Building Command-line Tools: Bash Edition

Building Command-line Tools: Bash Edition

by   Bryan Riley  |  December 3, 2018  |  0

Bash is my go-to language for building quick command-line tools, but it is also amazing at building extendable tools for wrapping software. A command-line tool with fully documented tags can make your software/code more user-friendly, and that gets your repo cloned. It’s no coincidence that Bash was one of the languages I listed in my Top 5 Languages to learn for 2019. Check it out when you get a chance!

The Situation


So let’s start off with something common: the “finished” piece of software (by finished, I mean software that works). This can be software of any category, but for this exercise let’s assume it’s a web service that can run locally on a computer. We want to give users a few options:

  • User should be able to check if they have all the necessary software to run the service (Maven, Gradle, Node, etc.)
  • User should be able to choose the port the service should run on
  • User should be able to see a help menu

 

That’s a good amount of features for now, but let’s see how a requirement looks as a raw command:

User should be able to check if they have all necessary software to run the service (Maven, Gradle, Node, etc)

command mvn -v || echo "Maven is not installed" &&
command node -v || echo "Node is not installed" &&
command gradle -v || echo "Gradle is not installed"


That’s a lot of commands just to get a rundown of what exists. Expecting users to write this out makes your code less appealing. To show how much we can simplify this, we’ll be updating this repo with our command line tool.

The Solution


This is a simple spring boot service, so our wrapper is also going to be pretty simple. Let’s start with a simple shell file; we’ll call it “funky.sh”. From our user requirements, we only have one requirement that needs user input: “User should be able to choose the port the service should run on.”

We’ll have a standard variable to handle that input:

PORT=
view raw
funky.sh
hosted with ❤ by GitHub

 

Next, we will loop over the arguments passed, put them into a variable “$1”, then case switch based on value:

while test $# -gt 0; do
    case $1 in
        -port)
            shift
            PORT=$1
            shift
            ;;
        -check)
                command mvn -v || echo Maven is not installed &&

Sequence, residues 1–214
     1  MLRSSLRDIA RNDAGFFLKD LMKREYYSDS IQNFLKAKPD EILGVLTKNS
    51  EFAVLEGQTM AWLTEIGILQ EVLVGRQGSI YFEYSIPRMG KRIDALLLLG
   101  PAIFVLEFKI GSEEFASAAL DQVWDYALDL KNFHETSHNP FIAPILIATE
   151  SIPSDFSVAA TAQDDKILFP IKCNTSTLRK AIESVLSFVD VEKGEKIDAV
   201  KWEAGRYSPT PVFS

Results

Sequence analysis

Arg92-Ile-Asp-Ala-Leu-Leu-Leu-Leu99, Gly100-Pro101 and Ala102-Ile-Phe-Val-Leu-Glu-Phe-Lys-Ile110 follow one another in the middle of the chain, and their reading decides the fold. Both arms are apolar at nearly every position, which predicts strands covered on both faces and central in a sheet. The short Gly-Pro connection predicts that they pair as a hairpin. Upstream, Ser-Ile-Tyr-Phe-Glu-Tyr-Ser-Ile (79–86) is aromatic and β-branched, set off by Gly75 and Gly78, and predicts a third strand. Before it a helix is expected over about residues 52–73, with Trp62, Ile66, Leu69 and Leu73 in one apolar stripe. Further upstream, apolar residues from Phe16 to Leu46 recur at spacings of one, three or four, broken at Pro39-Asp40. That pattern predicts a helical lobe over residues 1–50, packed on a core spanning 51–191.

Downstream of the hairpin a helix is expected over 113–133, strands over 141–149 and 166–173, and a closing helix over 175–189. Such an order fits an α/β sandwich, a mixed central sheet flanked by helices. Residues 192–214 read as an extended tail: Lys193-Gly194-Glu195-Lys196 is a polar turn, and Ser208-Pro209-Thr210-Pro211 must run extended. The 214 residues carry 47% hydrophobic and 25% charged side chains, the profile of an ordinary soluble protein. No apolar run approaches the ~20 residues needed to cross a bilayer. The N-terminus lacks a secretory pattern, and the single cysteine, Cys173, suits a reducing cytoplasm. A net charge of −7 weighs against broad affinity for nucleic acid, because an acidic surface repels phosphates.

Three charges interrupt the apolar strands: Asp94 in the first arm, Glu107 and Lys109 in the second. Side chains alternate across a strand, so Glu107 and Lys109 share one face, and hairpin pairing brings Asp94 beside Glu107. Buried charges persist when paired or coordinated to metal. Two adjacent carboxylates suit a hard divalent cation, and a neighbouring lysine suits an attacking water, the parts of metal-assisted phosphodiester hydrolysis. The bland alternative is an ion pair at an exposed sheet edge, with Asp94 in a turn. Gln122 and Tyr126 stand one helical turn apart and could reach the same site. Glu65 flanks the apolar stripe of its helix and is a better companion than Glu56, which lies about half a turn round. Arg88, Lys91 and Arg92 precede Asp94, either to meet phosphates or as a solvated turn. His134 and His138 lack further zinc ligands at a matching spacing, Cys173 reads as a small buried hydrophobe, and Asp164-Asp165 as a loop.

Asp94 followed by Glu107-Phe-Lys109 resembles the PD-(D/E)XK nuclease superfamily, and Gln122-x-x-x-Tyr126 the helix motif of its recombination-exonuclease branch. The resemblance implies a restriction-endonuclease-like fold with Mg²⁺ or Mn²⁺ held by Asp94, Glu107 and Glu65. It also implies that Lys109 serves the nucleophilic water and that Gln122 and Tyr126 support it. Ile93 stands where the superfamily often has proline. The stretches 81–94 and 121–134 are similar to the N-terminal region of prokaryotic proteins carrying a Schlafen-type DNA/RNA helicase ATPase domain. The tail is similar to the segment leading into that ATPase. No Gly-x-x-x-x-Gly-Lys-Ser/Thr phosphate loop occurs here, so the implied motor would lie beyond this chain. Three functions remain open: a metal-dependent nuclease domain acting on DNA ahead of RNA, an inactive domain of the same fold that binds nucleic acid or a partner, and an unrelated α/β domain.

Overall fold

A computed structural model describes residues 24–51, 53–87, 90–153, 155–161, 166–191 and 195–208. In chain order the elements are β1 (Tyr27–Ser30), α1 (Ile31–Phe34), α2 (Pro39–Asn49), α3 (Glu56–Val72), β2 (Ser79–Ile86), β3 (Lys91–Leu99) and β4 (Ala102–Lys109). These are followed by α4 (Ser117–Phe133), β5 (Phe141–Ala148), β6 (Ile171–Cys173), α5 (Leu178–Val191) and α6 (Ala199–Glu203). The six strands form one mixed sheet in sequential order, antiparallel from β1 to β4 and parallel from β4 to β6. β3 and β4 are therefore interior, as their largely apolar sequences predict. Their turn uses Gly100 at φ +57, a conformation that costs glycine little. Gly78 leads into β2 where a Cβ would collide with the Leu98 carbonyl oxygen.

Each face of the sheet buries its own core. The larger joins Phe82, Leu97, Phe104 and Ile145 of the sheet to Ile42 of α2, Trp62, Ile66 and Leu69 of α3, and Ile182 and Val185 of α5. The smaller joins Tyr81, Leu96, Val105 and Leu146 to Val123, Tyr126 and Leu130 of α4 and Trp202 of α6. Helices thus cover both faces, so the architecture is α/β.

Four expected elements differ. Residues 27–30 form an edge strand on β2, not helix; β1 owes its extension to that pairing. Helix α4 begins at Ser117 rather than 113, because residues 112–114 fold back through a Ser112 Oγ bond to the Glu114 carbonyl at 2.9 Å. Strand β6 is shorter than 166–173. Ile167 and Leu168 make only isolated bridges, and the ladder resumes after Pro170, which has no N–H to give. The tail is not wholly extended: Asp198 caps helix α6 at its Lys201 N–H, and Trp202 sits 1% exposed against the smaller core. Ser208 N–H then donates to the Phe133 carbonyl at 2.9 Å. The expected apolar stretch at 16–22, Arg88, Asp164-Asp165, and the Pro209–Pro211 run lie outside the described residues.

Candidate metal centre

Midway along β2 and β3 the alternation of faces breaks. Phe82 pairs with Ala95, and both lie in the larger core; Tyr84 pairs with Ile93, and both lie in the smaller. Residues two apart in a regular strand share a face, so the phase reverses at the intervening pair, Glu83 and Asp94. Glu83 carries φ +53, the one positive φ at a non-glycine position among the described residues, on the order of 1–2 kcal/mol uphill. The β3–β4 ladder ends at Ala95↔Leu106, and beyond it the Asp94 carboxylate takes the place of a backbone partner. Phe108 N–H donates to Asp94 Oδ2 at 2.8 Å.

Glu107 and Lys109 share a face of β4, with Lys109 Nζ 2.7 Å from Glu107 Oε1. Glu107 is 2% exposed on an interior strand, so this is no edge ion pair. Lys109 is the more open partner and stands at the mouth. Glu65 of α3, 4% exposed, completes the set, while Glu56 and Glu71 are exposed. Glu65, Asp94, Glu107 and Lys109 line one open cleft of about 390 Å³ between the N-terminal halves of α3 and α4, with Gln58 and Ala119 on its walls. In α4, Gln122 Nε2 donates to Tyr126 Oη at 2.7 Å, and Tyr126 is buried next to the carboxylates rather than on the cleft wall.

command java -version || echo Java is not installed
                exit 0;
                ;;
            -help)
                echo usage -port port_number
                echo tags:
                echo -port The port number you want the service to run on
                echo -check Checks if user has all necessary software to run service
                exit 0;
                ;;
            *)
                echo Command not supported
                exit 1;
                ;;
    esac
done
view raw
funky.sh
hosted with ❤ by GitHub

 

Let’s go over what’s happening here:

  • while test: – allows execution of code over a period where a condition evaluates to true
  • $ #: This is a variable that holds the number of arguments passed to the script
  • $# -gt 0: Our condition which “while test” checks. This condition translated means “while the count of arguments is greater than 0, evaluate to true”
  • while test $# -gt 0; : This is our loop which is used to run our inner “do” block.
  • case “$1” in: Simple switch case, that will match the variable “$1” to one of the execution blocks, -port), -check), -help). If it matches to none of these, it evaluates at the “)” block.
  • shift: Moves the reference of $1, to the next variable and lowers the value of $#.


For the tags of -help, -check, and default case, we exit because the script doesn’t need to run the service. For our -port case, we do need to execute some code on a passed variable. So let’s first do some logic checks before we run the script:

if [[ -z $PORT ]]; then
    echo Port number was not supplied, running on default port 8080
    eval mvn spring-boot:run
else
    eval mvn -Dserver.port=”$PORT” spring-boot:run
fi


With this code, we are using the
-z and [[ ]]  to check if the variable is still empty. Earlier in our switch case, we assign it a value if the -port tag is available; however, that doesn’t guarantee the variable isn’t empty. If it is, we will just run it on a default port.

And that’s all there is to it. There are plenty of ways to make this script better—like adding a check to port ensuring its a number—but that is just an addition to logic. The template for making a command line tool in Bash pretty simple, and I hope this helps you in your future projects. Below is the gist of what the script looks like and the Github repo, in which you can try the script out:

PORT=
while test $# -gt 0; do
    case $1 in
        -port)
            shift
            PORT=$1
            shift
            ;;
        -check)
            command mvn -v || echo Maven is not installed &&
            command java -version || echo Java is not installed
            exit 0;
            ;;
        -help)
            echo usage -port port_number
            echo tags:
            echo -port The port number you want the service to run on
            echo -check Checks if user has all necessary software to run service
            exit 0;
            ;;
        *)
            echo Command not supported
            exit 1;
            ;;
    esac
done
if [[ -z $PORT ]]; then
    echo Port number was not supplied, running on default port 8080
    eval mvn spring-boot:run
else
    eval mvn -Dserver.port=”$PORT” spring-boot:run
fi
view raw
funky.sh
hosted with ❤ by GitHub

 

The link to the Github repo can be found here.

Thank you so much for reading, and continue to build that cache!

 

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